Full TitleWhole Lung IMRT in Children and Adults with Synovial Sarcoma and Lung Metastases
The standard treatment for synovial sarcoma that has spread to the lungs is chemotherapy with or without surgery to remove the lung tumors. However, the cancer often comes back. Since synovial sarcoma is known to be sensitive to radiation therapy, doctors want to see if adding whole-lung radiation therapy to chemotherapy/surgery can reduce the chance that the tumors will grow again.
In this study, researchers want to determine if it is feasible to use intensity-modulated radiation therapy (IMRT) to the entire lungs in children and adults with synovial sarcoma that has spread to the lungs. IMRT is a highly focused form of radiation therapy in which radiation beams of customized shapes and intensities are precisely directed to a patient’s tumors, thereby delivering less radiation to nearby organs such as the heart.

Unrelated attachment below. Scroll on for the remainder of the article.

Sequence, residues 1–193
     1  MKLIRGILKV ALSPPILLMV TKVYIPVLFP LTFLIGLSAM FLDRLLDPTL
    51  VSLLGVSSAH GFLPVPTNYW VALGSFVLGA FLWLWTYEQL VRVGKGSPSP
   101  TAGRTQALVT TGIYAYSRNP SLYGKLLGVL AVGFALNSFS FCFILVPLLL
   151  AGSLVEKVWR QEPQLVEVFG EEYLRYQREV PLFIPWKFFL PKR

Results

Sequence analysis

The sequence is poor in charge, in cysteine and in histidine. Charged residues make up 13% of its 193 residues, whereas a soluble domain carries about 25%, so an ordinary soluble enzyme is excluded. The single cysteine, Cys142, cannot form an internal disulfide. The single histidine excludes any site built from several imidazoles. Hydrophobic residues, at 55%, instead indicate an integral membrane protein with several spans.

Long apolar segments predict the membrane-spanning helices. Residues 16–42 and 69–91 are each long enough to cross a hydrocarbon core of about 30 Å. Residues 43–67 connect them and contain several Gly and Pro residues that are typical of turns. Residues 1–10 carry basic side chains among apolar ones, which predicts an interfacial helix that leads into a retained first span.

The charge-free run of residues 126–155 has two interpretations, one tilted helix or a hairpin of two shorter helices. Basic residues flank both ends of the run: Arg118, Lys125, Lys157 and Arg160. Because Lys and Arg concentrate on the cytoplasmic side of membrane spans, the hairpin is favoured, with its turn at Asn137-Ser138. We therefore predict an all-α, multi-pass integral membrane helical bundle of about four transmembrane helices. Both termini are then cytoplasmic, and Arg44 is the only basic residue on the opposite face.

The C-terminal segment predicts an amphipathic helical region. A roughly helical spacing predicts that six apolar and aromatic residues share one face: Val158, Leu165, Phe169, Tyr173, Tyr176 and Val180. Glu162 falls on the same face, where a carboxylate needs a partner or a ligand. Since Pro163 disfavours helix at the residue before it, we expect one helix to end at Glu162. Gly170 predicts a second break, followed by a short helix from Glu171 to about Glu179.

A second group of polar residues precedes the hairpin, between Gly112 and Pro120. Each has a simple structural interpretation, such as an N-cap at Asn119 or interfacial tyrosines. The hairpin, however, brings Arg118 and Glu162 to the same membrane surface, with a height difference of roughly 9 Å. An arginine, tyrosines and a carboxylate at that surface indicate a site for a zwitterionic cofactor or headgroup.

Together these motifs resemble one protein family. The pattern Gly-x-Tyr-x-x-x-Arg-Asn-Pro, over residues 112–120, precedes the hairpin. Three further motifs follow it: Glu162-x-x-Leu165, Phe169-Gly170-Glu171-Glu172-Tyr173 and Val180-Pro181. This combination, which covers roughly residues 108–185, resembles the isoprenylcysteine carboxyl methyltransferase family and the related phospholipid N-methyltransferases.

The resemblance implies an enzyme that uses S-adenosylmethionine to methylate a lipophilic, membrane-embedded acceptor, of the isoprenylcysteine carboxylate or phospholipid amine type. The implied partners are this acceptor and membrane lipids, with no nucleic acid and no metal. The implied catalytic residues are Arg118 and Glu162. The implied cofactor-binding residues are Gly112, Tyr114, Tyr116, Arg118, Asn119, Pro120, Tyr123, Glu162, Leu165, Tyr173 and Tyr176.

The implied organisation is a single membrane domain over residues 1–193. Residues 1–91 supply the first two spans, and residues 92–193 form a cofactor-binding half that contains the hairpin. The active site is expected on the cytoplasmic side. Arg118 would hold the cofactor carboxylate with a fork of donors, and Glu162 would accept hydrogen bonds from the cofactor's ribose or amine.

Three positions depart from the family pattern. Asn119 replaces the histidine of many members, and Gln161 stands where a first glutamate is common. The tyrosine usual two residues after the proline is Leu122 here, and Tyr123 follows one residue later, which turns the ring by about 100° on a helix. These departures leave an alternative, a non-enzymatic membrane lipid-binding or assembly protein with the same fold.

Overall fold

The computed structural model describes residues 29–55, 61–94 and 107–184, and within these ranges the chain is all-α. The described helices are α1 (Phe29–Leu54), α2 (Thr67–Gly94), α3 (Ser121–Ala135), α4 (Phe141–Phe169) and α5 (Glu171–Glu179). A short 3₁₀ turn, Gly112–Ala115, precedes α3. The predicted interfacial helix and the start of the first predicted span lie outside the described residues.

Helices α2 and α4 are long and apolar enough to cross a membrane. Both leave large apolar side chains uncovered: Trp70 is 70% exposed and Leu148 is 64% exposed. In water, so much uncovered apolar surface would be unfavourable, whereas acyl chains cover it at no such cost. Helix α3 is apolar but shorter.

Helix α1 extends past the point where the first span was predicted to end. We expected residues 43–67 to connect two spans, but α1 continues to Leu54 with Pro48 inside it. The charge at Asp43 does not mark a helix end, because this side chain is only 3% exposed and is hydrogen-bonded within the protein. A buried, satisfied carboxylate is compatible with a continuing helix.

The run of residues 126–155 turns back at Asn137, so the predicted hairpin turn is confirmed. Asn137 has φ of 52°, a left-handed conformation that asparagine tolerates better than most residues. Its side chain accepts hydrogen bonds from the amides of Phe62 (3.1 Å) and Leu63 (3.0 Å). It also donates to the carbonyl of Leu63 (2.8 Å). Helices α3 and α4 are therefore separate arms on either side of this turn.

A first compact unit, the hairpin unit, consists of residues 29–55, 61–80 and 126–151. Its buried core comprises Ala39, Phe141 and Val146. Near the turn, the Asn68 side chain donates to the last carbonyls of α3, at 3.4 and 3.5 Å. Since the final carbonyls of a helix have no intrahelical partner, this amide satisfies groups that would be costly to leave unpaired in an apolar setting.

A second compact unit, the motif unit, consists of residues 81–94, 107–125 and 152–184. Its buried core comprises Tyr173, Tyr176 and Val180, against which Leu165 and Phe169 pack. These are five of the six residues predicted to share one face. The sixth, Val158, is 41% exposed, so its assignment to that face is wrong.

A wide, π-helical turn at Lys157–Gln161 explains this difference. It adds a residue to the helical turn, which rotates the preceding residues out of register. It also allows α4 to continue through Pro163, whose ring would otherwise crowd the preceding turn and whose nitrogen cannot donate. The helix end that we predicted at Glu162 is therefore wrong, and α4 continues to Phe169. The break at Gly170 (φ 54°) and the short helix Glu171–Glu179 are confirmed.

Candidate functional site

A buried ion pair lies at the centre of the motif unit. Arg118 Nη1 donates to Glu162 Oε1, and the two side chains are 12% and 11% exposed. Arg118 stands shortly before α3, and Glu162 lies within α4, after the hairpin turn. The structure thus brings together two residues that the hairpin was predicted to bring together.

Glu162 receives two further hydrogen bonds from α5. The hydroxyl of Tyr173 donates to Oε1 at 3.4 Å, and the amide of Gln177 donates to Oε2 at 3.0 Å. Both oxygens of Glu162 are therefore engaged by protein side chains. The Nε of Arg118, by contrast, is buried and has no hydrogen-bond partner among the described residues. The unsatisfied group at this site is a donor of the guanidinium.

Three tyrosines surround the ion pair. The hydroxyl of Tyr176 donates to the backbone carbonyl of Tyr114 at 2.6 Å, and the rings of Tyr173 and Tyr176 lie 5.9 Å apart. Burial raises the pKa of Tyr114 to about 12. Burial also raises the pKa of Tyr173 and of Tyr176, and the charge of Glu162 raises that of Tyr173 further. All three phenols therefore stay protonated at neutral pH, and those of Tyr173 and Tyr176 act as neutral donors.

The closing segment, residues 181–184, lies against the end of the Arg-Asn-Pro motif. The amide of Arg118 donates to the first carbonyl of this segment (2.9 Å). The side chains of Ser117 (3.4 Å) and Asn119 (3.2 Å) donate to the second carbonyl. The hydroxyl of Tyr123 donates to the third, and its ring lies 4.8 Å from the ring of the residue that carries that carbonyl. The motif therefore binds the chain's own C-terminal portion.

To be eligible for this study, patients must meet several criteria, including but not limited to the following:
- Patients must have been diagnosed with lung metastases from synovial sarcoma that either are no longer present on a CT scan after chemotherapy or are less than 1 cm in size.
- This study is for patients age 1 year and older.
- Patients may not have previously received radiation therapy to the chest.
For more information about this study and to inquire about eligibility, please contact Dr. Suzanne Wolden at 212-639-5148.